A 1-year-old child was left inside a car for eight hours Thursday after his father forgot to drop him off at day care, police said.
The child, who was treated and released from Albany Medical Center, was bundled up appropriately for the outside air temperature and still restrained in his car seat when his father realized his mistake.
But his father didn’t realize until near the end of his workday, when he called his wife inquiring about the child, police said. The man is not being identified by police. An investigation is ongoing.
Police were called by the father Thursday just after 4 p.m. to 210 Morris Road. The child was conscious and alert when his father found him. He was treated at the scene by Colonie EMS and taken to Albany Medical Center. The child was released later Thursday evening.
“It’s a very happy outcome to a potentially dangerous situation,” Colonie police spokesman Lt. Robert Winn said.
Winn said leaving a young child alone is never appropriate, but it is even less so in extreme temperatures. The high Thursday in Colonie was just 15 degrees, according to the National Weather Service. At 8 a.m., it was just 5 degrees.
Child Protective Services and the Albany County District Attorney’s Office have been notified. They are working to determine if any charges should be filed, Winn said.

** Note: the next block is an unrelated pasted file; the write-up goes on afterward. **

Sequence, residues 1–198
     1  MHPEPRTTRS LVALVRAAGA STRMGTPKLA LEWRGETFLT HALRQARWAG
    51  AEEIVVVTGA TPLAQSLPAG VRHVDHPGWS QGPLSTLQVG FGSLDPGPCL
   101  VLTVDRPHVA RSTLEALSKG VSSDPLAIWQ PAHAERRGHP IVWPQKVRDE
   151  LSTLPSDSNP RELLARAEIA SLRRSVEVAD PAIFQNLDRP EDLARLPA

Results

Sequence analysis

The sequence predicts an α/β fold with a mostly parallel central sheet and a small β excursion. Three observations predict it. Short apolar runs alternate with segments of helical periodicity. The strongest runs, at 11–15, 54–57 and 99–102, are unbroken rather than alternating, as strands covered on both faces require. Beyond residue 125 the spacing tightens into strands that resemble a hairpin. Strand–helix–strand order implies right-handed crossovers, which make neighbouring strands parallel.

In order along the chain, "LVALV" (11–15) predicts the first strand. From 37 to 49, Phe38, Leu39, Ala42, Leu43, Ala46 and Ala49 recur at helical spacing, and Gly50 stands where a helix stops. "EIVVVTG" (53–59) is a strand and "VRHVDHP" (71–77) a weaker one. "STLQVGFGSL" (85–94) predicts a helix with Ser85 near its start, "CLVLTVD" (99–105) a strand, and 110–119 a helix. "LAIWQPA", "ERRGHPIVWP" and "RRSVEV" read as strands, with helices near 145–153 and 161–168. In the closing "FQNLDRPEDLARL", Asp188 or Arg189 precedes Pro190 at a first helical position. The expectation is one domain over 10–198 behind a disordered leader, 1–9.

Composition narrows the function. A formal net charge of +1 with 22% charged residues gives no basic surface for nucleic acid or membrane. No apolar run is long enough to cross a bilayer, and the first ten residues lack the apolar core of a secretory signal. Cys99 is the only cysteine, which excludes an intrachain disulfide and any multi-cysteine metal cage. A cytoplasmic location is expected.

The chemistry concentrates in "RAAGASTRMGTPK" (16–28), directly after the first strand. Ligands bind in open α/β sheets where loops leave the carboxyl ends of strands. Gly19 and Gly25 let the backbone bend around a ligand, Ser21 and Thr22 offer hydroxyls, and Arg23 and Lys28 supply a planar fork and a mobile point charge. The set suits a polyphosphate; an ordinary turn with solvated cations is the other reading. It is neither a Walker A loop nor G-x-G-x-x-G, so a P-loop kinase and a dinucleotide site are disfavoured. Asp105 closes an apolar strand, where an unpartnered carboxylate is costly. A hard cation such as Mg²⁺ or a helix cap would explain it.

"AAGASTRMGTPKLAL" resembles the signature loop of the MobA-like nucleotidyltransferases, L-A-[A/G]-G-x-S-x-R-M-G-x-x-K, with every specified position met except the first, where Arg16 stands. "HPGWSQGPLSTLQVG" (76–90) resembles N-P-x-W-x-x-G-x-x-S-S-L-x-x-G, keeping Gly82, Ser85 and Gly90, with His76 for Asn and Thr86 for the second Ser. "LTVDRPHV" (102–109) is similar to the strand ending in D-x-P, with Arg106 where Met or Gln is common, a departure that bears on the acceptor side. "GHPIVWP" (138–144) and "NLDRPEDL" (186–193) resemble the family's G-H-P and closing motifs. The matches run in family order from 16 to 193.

One possible charge could be misdemeanor endangering the welfare of a child, Winn said. So far, no charges have been filed.
The problem of children being left behind in cars has been significant enough to catch the attention of the National Highway Traffic Safety Administration, which has begun a campaign called “Where’s Baby? Look before you lock.”
The campaign mainly focuses on times of the year when temperatures are higher, with the dangers of heat stroke. That danger can occur at temperatures as low as 57 degrees, according to the campaign.
However, the campaign includes several general tips for parents to ensure they don’t leave their children behind, including tips that could have prevented the baby in Colonie from spending the day alone in the car.
In the Colonie case, the father had intended to drop the child off at day care. The “Where’s Baby?” campaign suggests parents ask their day care providers to simply call them if the child doesn’t arrive on time.
Parents, according to the campaign, should make it a habit to look in their back seat every time they exit their car, just to make sure the child isn’t there.
They also suggest parents write a note, placing it where they will see it, and place needed items in the car’s back seat to ensure that the area is checked. Another suggestion: Place a stuffed toy in the child’s car seat, then move that to a location where the driver will notice it once the child is in the car seat.